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Getting the Most from Your Sampling Subscription Partnership

By: Toni V. Martin
Posted: October 31, 2013, from the November 2013 issue of GCI Magazine.

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Other factors, such as the time of year (for summer and winter, skin care does well) and whether a product delivers immediate trial payoff (color cosmetics vs. anti-aging products) should be taken into consideration for when your product is sampled.

Step Outside the Box

Beyond delivering products to your ideal consumers, many subscription boxes offer additional branded experiences. The requisite mix of social media promos, solo e-mail blasts and product giveaways should come standard with your partnership. If you’re looking for more experiential interaction, which will allow you to directly touch the box’s consumers and press contacts, consider partnering on special events and limited-edition box opportunities that could generate premium media placement that lives on beyond your featured month.

“Events were massively successful for us,” says Sesay, who has partnered with curlBOX to do events for members. “We were able to put our New York flagship salon on the map in the natural hair community and foster a lot of new relationships with social media influencers and beauty editors.”

Glossybox’s Glossy Get Togethers are a draw for highly vocal beauty lovers, and its coveted limited edition and bespoke boxes often end up in the hands of top style and beauty influencers, editors and entertainers.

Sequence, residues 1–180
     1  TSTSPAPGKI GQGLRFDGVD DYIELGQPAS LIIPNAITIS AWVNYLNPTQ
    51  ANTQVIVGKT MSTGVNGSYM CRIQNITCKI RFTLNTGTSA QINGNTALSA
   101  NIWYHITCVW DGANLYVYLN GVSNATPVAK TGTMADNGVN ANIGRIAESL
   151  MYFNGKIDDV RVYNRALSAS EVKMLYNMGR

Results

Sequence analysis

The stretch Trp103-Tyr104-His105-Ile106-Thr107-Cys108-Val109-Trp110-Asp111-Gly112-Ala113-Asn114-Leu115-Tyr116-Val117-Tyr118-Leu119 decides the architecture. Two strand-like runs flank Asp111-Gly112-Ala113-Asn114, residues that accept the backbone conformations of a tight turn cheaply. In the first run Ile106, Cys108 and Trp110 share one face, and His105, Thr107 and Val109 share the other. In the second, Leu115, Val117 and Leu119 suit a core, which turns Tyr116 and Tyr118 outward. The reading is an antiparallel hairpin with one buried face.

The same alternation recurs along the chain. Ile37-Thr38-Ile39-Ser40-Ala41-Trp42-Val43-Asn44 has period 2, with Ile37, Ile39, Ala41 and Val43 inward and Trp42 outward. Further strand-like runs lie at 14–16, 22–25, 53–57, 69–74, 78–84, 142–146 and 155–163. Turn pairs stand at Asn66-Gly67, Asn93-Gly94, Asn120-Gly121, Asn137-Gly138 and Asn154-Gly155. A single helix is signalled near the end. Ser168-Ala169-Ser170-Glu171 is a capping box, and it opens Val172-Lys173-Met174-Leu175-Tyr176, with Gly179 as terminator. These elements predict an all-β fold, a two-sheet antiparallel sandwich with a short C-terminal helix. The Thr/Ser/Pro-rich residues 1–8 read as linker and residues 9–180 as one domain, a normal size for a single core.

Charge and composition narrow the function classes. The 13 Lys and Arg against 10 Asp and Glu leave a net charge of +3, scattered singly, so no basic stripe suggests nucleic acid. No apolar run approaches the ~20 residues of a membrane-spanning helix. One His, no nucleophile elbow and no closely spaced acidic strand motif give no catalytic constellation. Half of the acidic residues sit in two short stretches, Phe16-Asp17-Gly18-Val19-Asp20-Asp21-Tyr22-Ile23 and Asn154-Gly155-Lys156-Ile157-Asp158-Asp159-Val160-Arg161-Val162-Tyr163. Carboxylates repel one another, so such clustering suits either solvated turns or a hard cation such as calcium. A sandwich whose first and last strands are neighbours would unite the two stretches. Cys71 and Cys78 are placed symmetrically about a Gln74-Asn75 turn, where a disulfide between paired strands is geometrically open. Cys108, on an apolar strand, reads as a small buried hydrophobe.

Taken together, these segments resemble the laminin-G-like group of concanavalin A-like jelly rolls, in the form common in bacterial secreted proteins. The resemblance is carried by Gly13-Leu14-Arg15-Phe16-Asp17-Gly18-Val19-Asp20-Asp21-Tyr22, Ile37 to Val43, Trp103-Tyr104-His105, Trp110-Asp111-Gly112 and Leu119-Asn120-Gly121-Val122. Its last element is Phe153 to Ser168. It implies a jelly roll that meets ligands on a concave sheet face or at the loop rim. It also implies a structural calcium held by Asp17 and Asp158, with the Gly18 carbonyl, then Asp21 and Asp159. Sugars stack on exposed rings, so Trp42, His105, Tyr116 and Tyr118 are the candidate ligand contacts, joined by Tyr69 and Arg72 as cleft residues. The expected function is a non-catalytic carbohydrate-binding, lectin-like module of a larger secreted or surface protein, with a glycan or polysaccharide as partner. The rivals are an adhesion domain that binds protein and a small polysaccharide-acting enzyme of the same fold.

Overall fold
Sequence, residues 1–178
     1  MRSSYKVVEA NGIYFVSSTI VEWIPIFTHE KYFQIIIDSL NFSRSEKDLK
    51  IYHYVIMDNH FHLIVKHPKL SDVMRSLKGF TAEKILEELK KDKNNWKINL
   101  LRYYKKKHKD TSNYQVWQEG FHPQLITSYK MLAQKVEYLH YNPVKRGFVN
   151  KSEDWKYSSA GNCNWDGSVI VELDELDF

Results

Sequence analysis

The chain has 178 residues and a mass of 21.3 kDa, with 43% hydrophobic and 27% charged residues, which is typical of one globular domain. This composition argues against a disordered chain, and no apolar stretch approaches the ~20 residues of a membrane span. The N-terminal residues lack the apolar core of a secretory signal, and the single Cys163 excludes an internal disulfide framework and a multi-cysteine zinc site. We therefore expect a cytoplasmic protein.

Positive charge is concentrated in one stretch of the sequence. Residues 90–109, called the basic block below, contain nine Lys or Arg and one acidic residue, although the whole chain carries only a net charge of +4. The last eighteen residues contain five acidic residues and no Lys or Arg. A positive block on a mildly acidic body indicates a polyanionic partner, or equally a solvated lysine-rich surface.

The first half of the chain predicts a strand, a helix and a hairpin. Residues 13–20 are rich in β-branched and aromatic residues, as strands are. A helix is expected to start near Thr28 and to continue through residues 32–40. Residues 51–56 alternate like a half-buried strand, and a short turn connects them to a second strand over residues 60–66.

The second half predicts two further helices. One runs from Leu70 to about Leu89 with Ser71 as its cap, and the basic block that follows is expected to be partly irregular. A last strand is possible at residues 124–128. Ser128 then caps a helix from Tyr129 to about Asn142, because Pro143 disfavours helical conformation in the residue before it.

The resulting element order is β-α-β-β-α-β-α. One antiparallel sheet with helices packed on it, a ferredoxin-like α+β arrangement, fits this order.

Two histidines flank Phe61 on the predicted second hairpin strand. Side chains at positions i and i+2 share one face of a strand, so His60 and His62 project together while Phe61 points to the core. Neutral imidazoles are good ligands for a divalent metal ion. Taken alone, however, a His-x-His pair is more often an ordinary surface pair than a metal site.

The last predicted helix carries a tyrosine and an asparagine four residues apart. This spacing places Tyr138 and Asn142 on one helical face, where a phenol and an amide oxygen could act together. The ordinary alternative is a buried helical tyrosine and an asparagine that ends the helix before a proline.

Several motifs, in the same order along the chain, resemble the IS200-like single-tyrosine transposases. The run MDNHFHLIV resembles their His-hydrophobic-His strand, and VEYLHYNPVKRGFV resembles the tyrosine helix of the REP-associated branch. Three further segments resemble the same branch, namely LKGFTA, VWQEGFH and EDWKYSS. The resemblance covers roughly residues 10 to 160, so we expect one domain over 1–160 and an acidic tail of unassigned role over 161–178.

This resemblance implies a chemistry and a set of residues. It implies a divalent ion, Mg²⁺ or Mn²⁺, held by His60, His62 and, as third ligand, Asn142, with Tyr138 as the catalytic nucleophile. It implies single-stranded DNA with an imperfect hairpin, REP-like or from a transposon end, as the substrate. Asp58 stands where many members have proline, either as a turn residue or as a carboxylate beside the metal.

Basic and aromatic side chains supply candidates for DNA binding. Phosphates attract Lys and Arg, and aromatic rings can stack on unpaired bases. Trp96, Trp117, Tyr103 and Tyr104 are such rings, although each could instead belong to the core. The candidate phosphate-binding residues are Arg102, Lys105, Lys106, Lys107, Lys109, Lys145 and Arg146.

Of course, don’t neglect to do your own promotion of your partnership as well. From press releases to giveaways of box memberships to sneak peeks of your featured product on social media, get creative with promoting the exclusive partnership with your chosen subscription box.

Measure Your Momentum

Although it may not be realistic to see a direct ROI from your sampling program in sales, you can still reap useful insight for your own market research. Make sure to use tracking data points, such as a special coupon code tied to the box and the month, to measure purchase conversion. If the subscription box offers an e-commerce aspect to its program (like Birchbox), it should be able to provide you with a full sales analysis.

Most importantly, avail yourself of the market research potential of a targeted group of potential customers that subscription boxes offer. Many boxes conduct post-sample polls, which may be customized to meet your evaluation criteria without the hefty price tag of a professional market research survey. In your analysis, measure not just sales, but the overall impact sampling has on your brand.

“Look at the awareness and level of engagement,” says Huggins. “We represent brands much like a music rep will ‘break’ an artist. As their beauty partner, we’re there to service them and help them along the way.”

Navigating the abundance of subscription box choices for your beauty brand need not be challenging with the right expectations and partner. Rather than a new commerce model, subscription boxes are simply another marketing channel with the timeless aim of driving awareness of your brand in the mind of your ideal consumer. “If you find the right box,” says Arnett, “you’re getting your product in the right hands.”

Toni V. Martin is a consultant to beauty brands and the director of The International Association of Beauty Brands (IABB), a trade organization that provides sales, marketing, public relations and branding education and training to hair, body, skin care and color cosmetics companies. Her editorial contributions have appeared in magazines such as Allure and Spa, and she is a frequent speaker on brand building in the beauty industry. toni@theiabb.com; www.theiabb.com